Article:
4. Watch Your Time
Teachers work before school, after school, and on the weekends. You can, however, set boundaries and stopping points. Don’t work all evening. I typically forced myself to put everything down at 6:30 PM. Don’t devote your entire weekend to your classroom, and give yourself one day to relax. You may love delving into things at first, but that pace is not sustainable.
5. Nurture Your Life Away from School
What brings you joy? What are your hobbies? Do something fun. Have a spa day. Get a massage. Read, dance, play an instrument. Nurture your inner self. Maintain other interests that have nothing to do with school. Go to the gym, volunteer, participate in your faith community, spend time with your family, knit, hike, or play sports. When you feel refreshed, you will bring renewed enthusiasm to school.
6. Maintain Your Relationships
Your colleagues will become like family. As important as those relationships are, keep connected to your actual family and non-school friends. You love your students and colleagues, but your family matters even more. Don’t sacrifice the people in your life in order to grade a set of tests. Be careful about how much you talk about school with your friends and family. Your relationships matter, and they will help prevent you from suffering burnout.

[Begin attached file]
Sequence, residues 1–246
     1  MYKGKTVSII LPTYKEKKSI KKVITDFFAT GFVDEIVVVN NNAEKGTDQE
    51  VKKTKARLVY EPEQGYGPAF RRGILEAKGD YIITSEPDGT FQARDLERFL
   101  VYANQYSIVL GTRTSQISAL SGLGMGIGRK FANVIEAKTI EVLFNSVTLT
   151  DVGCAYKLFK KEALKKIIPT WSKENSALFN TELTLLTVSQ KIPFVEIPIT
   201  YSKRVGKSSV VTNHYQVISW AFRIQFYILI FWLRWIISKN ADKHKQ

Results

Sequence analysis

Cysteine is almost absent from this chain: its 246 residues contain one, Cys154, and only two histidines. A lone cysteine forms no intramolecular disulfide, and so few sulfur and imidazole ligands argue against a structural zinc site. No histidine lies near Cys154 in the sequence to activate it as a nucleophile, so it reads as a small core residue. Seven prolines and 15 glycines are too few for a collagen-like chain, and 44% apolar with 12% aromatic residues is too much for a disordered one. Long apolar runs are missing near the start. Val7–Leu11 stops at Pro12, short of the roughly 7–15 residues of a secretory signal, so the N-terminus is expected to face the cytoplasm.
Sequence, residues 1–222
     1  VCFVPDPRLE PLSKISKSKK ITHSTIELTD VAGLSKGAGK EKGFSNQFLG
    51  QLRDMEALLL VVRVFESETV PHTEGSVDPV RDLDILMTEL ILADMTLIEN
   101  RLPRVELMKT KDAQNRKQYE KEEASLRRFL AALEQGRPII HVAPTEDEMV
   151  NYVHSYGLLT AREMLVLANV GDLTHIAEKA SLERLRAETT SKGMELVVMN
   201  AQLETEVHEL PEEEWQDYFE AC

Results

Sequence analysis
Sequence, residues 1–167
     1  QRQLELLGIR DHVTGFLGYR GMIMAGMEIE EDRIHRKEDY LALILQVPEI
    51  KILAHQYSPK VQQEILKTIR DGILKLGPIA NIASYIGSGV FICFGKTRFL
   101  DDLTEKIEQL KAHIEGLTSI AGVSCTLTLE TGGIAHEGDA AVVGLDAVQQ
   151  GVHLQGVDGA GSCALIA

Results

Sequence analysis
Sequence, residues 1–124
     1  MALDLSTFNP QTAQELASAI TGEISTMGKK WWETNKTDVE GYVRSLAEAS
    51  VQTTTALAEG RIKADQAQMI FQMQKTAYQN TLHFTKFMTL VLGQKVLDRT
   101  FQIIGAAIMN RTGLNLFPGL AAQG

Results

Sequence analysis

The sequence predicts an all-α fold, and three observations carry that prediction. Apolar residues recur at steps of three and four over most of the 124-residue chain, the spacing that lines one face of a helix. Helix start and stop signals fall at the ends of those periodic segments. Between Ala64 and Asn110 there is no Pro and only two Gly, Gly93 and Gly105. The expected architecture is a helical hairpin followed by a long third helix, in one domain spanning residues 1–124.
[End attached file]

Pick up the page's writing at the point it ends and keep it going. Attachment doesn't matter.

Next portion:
7. Don’t Feel Guilty
If you have children, you will eventually feel guilty for not being involved in their lives as much as you are in the lives of your students. My wife and I had three children when I began teaching. Once I confided in a colleague that I felt guilty for knowing my own students better than I understood my children. She assured me that this would be the case in any profession and that I probably appreciate my own children better as a teacher than I would otherwise. You have different roles in the lives of your students and your children. Your own kids need you as a parent, not as their classroom teacher.
8. Maintain Healthy Boundaries